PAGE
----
On MLK Day: The Continuing Quest for Justice and Fairness

We must reckon with the hard truth that racial discrimination leads to wrongful conviction.

01.17.21 By Christina Swarns

Martin Luther King, Jr. is arrested for

Martin Luther King, Jr. is arrested for "loitering" in Montgomery, Alabama, in September 1958. (Wikimedia Commons)

This year, we mark Martin Luther King, Jr. Day under circumstances like no other: We witnessed a shocking assault on our nation’s capital and, even today, the threat of further violence looms. We are living through a global pandemic that has upended lives and hit communities of color with particular ferocity. The federal government carried out an unprecedented series of executions. And, in Kenosha, Wisconsin, the police shooting of another unarmed Black man will go unpunished.

These events invite us to reflect on the question famously posed by Dr. King in 1967, “Where do we go from here: chaos or community?”


The answer for the Innocence Project is, unquestionably, community. We — the Innocence Project board, staff, and supporters — cut across the political, racial, socio-economic, age, and gender spectrums, and we stand united around the fundamental principle that truth is a prerequisite for justice and fairness. We believe in science. We demand accountability. We categorically reject injustice. As eloquently stated by Dr. King, we “believe that unarmed truth and unconditional love will have the final word.”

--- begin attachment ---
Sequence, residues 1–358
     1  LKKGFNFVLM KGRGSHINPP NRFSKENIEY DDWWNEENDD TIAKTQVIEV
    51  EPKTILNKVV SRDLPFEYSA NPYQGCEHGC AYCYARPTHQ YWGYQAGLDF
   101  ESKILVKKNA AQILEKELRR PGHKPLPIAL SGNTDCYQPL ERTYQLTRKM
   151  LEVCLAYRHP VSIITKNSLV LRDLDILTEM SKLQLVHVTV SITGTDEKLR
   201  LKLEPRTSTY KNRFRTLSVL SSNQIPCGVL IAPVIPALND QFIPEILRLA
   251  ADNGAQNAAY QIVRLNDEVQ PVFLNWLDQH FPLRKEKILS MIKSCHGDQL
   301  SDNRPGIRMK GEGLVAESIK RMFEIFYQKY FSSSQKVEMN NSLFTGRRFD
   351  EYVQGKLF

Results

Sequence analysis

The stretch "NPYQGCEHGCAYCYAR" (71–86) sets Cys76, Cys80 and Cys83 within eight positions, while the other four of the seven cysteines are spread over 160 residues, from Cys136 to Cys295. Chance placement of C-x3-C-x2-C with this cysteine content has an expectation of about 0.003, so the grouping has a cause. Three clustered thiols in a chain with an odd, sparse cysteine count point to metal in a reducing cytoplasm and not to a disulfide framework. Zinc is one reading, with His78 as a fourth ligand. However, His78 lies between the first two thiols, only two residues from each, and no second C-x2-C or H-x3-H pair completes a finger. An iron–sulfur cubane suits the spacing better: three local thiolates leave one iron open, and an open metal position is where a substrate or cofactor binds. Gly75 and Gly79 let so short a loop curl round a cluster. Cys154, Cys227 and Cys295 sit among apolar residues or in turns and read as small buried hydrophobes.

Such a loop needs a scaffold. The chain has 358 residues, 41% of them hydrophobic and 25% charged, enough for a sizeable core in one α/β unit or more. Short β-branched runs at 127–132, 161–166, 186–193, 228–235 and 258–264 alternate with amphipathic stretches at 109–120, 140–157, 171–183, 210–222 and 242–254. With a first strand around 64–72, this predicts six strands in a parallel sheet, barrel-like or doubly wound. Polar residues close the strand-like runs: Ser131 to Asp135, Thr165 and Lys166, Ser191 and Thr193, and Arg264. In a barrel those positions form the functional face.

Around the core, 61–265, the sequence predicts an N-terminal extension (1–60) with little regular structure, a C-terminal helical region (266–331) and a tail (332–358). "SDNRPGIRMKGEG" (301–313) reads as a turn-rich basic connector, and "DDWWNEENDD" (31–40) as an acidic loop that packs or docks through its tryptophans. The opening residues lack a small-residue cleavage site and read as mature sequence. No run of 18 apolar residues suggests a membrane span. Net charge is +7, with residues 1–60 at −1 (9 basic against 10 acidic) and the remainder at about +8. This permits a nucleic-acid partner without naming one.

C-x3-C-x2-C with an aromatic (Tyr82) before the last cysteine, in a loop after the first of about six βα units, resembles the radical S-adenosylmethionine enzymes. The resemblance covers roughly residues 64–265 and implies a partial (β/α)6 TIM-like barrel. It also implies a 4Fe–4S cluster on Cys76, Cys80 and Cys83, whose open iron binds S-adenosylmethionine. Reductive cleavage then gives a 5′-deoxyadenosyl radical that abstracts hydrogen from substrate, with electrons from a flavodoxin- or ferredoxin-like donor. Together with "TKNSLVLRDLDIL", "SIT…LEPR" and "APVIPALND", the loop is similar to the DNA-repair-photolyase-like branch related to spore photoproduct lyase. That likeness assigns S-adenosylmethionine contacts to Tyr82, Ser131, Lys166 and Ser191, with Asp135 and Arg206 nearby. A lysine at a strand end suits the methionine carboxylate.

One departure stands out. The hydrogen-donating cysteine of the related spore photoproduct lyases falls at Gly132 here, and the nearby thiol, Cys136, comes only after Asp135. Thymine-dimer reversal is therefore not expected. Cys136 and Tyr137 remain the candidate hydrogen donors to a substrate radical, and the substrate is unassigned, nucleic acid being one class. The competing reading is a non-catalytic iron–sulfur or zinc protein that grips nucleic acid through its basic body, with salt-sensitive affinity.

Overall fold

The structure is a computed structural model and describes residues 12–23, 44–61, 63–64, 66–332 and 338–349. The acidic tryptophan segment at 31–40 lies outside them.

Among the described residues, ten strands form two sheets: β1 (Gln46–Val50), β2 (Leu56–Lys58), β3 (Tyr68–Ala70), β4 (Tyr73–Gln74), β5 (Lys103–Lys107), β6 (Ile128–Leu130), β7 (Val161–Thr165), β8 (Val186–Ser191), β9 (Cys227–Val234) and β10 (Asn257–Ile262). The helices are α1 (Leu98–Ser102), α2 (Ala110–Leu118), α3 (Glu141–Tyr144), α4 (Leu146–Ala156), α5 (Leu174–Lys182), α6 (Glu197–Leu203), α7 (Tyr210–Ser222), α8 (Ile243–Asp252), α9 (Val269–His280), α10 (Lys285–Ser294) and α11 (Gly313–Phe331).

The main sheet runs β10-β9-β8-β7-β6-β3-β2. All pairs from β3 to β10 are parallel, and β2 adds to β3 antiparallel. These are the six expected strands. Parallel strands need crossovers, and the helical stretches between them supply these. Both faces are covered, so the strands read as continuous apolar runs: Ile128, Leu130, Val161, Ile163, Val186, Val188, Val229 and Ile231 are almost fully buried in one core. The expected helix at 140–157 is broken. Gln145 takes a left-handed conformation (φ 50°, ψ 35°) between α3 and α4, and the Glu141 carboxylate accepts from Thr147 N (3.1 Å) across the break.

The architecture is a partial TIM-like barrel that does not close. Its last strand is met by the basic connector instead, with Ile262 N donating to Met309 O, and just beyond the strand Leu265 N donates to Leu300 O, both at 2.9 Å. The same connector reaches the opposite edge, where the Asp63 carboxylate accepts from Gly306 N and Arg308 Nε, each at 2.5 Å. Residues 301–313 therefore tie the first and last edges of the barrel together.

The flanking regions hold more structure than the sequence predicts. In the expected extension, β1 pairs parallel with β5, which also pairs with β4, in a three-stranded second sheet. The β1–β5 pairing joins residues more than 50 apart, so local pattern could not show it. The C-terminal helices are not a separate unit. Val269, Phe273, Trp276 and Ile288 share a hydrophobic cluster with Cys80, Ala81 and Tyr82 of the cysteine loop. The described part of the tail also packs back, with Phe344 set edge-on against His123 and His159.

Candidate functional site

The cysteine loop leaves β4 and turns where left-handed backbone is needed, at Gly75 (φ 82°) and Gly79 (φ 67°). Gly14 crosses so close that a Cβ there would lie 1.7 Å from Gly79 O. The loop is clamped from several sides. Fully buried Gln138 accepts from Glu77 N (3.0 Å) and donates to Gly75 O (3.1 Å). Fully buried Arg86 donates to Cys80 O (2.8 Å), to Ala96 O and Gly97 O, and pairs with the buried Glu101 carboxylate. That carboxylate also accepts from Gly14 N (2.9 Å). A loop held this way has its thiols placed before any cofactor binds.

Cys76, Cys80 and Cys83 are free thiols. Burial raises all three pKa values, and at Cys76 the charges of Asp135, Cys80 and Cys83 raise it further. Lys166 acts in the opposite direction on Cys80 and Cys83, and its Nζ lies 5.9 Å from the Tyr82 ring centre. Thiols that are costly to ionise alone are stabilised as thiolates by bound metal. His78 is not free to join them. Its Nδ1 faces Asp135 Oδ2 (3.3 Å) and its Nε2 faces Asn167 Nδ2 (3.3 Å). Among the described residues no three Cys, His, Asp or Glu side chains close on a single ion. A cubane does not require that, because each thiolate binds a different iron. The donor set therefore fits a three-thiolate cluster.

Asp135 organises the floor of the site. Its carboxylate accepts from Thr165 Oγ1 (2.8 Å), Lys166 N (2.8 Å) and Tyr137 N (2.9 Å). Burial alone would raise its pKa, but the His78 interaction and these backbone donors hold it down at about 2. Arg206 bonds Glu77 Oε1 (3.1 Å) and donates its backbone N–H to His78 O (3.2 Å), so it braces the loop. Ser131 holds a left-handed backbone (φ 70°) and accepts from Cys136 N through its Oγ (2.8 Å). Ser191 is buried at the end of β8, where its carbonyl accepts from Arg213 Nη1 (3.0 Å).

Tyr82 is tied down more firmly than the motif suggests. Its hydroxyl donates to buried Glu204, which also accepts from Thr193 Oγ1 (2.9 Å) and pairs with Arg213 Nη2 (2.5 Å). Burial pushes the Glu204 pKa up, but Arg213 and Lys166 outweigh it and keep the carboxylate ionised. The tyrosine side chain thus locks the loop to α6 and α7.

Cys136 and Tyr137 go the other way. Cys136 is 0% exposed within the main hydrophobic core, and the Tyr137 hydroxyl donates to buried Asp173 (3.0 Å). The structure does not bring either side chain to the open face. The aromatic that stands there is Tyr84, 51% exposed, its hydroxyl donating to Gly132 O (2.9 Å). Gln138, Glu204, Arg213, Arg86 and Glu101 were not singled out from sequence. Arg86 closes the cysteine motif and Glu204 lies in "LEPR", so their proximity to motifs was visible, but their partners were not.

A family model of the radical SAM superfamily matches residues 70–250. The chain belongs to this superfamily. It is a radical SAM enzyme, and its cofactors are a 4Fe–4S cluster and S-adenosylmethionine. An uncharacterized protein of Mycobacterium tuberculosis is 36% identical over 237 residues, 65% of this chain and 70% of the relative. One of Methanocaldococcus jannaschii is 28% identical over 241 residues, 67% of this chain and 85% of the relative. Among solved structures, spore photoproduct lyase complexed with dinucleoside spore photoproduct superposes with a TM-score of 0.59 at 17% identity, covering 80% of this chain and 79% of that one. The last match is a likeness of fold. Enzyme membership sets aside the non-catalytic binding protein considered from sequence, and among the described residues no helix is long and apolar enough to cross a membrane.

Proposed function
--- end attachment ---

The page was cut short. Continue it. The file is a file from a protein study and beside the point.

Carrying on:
Our work to free the staggering number of innocent people in American jails and prisons and to reform the system responsible for their unjust imprisonment is more urgent than ever. In this quest, we cannot be “more cautious than courageous.” Nor can we “remain silent behind the anesthetizing security of stained-glass windows,” as Dr. King wrote in his Letter from Birmingham Jail.

Instead, we must reckon with the hard truth that racial discrimination undermines accuracy in fact finding and contributes to wrongful conviction, as powerfully demonstrated by the data of the National Registry of Exonerations. 

We must commit to making the structural changes necessary to eliminate and mitigate the risks of such bias, and support fair and just decision making. This includes addressing the persistent problems of police brutality and lack of accountability that disproportionately affect communities of color and lead to wrongful convictions. 

We must ensure that there are no more cases like that of Jaythan Kendrick, an innocent man who lost 25 years of his life to prison after being singled out solely because he is Black and therefore loosely fit the description of a child eyewitness

Jaythan Kendrick, who was freed and exonerated after 25 years, celebrates after his hearing in Queens on Nov. 19, 2020. (Image: Ben Hider for AP/ Innocence Project)

In facing up to these hard truths and committing to progress, we honor Dr. King’s legacy and draw closer to his Beloved Community — a more just and equal community for all.  

Dr. King also said that “[e]very step towards the goal of justice requires sacrifice, suffering, and struggle: the tireless exertions and passionate concern of dedicated individuals.” I am honored to lead the extraordinary staff of the Innocence Project, and work in partnership with you to strive for justice. 

With deep gratitude,

— Executive Director Christina Swarns

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Patricia Khan January 19, 2021 at 3:01 pm Reply   

Thank you for all you do to help those falsely accused. May God continue to bless you and this entire organization. I can’t imagine rotting away in prison for something I did not do. It’s mind blowing. Thank you again for helping the innocent